30 people arrested in Xinjiang as minority crackdown continues



Thursday, September 13, 2018

A young Kazakh girl
pleads for the freedom
of her relative, who has
been wrongly imprisoned
in China due to his race.
(Photo: ChinaAid)
ChinaAid

(Ili Kazakh Autonomous Prefecture, Xinjiang—Sept. 13, 2018) More than 30 ethnic minority young people were arrested on the same day in China’s northwestern Xinjiang and sent to notorious “re-education camps.”

Fueled by the unfounded fear that the region’s non-majority citizens, who are mostly Muslim, have terrorist ties, Xinjiang officials have ordered the imprisonment of innocent people of Uyghur and Kazakh descent. According to the United Nations, around 1 million Uyghurs have been held in these camps, where they face torture, starvation, and brainwashing.

Kanati Hudadibieergan, a resident of Kazakhstan who previously lived in Xinjiang, said his 26 year-old cousin, Yekepen Mamuerbieke, was illegally arrested by authorities in Ili Kazakh Autonomous Prefecture last April and sent to a “re-education camp.” His distant relative, Baishanbieke Musa, was also taken into custody that day.

“We have had a hard time locating the names of the 28 other people arrested that day,” Hudadibieergan said, “but we are certain about the names of our two relatives. We learned that more than 30 people were arrested in that village the same day via other sources.”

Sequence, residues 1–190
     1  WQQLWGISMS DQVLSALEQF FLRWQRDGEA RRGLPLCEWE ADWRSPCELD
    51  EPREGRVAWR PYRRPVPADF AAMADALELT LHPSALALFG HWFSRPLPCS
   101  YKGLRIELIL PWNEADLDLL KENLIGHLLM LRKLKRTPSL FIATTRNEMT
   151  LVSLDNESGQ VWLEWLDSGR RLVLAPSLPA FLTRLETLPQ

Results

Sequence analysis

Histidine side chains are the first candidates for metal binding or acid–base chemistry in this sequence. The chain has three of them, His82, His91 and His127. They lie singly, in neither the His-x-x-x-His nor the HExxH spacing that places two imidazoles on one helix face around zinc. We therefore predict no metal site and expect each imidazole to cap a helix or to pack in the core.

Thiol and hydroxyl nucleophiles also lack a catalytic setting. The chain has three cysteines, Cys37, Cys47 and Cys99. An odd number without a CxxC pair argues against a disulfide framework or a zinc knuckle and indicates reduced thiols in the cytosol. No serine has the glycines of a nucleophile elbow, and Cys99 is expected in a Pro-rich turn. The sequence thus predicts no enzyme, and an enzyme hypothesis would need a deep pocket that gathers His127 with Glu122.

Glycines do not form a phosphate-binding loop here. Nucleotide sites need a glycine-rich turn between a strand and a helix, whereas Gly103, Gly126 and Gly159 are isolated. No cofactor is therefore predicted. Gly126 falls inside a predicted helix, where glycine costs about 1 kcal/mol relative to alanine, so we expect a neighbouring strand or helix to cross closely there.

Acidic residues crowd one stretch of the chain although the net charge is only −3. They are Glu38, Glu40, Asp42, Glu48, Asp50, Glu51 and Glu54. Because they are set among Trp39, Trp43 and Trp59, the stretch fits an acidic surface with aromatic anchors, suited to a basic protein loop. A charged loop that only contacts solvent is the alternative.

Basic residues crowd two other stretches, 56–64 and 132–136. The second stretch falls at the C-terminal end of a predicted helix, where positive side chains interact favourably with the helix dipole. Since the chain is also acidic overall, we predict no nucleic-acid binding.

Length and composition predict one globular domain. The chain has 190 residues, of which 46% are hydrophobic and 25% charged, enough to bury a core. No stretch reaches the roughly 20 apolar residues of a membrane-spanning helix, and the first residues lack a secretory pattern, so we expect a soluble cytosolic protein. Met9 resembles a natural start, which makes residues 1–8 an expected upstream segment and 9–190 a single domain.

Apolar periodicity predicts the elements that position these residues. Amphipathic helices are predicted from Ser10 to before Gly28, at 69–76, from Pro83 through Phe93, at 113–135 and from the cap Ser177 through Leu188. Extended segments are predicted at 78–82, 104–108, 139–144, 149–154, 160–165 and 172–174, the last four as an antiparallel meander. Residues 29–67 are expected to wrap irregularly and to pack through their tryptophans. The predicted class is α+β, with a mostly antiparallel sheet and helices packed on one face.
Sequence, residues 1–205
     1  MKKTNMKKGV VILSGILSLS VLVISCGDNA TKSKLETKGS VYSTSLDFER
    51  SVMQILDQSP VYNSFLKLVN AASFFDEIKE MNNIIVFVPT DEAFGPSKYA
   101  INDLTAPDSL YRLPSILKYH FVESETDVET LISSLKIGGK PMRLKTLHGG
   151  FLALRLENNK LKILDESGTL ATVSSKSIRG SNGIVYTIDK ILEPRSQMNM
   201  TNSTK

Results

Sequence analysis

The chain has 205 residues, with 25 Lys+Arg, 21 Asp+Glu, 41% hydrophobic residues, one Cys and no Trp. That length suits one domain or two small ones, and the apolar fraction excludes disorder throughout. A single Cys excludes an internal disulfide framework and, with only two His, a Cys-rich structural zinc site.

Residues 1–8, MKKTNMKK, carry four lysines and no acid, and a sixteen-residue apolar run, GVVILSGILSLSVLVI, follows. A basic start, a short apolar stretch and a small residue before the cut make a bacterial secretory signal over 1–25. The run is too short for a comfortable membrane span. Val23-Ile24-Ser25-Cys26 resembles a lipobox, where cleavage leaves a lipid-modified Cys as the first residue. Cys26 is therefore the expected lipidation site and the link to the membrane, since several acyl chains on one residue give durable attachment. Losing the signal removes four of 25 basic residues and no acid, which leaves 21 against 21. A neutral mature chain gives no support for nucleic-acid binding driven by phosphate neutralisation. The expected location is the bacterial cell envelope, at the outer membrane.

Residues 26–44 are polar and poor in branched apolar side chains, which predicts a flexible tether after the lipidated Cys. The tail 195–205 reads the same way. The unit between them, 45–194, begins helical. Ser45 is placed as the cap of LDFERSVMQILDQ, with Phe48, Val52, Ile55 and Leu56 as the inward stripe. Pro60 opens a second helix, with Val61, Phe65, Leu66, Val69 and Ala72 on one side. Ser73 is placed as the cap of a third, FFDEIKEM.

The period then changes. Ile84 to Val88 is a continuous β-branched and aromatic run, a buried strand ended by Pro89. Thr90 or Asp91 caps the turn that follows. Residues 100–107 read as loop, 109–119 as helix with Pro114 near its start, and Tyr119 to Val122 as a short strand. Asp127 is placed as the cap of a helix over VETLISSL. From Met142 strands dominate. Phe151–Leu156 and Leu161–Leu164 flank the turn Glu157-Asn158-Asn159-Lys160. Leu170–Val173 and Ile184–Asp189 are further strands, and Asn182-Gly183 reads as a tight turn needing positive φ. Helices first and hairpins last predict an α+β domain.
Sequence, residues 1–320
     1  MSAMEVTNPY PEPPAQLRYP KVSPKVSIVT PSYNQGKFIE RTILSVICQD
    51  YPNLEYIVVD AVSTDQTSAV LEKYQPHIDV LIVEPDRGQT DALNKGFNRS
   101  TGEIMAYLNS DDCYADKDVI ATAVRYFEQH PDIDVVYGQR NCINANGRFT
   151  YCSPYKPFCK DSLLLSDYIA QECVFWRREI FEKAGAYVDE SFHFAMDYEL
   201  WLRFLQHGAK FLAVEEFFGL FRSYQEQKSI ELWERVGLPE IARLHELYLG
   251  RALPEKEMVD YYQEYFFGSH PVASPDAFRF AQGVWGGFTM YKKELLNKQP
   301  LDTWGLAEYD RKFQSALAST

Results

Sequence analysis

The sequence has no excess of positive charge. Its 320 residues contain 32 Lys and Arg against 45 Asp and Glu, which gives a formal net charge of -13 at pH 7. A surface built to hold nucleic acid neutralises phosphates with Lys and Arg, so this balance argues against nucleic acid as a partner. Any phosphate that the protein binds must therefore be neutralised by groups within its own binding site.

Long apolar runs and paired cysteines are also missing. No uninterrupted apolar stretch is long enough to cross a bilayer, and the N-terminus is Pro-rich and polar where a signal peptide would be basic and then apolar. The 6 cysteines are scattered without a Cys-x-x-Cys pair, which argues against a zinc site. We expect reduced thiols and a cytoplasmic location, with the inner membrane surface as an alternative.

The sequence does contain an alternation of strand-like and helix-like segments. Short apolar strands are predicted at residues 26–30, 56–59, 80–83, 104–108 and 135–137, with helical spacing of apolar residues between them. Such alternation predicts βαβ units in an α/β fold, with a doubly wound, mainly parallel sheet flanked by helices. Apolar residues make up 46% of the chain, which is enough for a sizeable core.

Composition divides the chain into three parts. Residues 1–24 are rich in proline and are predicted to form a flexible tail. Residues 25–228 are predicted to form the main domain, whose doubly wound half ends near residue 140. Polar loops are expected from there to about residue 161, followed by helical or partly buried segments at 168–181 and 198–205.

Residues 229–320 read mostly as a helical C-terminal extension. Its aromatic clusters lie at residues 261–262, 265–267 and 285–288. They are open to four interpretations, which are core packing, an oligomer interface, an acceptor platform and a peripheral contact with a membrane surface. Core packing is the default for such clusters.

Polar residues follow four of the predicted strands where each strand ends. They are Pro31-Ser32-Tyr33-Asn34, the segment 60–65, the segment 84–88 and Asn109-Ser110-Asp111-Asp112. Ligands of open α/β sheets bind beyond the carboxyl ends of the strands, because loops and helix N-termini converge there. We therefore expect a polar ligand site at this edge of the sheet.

Another man, Yeerbo Dawuliebietike, said that his mother, Elesi Dalaibieke, who is a Chinese citizen but holds a Kazakhstan green card, returned to Xinjiang for her older sister’s funeral on Oct. 28, 2017. The local public security bureau confiscated her passport, promising they would return it, and took her green card. She has not received either back and has been told that she will receive the documents back if her husband also returns to China from Kazakhstan. She is almost 80, suffers various illnesses, has no immediate family in Xinjiang, and has been placed under house arrest.

In response, Dawuliebitike contacted Kazakh departments and requested help. However, Chinese authorities told his mother that she would not receive her documents back until her husband comes to China and requested that her daughter return as well.

They attempted to kidnap both, even though Dawuliebietike wrote to Xinjiang authorities to show them his father’s medical documents as proof that he cannot travel. Neither his father nor sister have committed any crimes.

Saierkejian, a leader of a Kazakh youth organization that has been assisting those detained in “re-education camps,” said he would like to ask various government bodies, including Kazakhstan’s Ministry of Foreign Affairs and the United Nations, to intervene on behalf of ethnic minority people in Xinjiang who have been sent to the re-education camps.

ChinaAid exposes abuses, such as those suffered by the residents of Xinjiang, in order to stand in solidarity with the persecuted and promote religious freedom, human rights, and rule of law.

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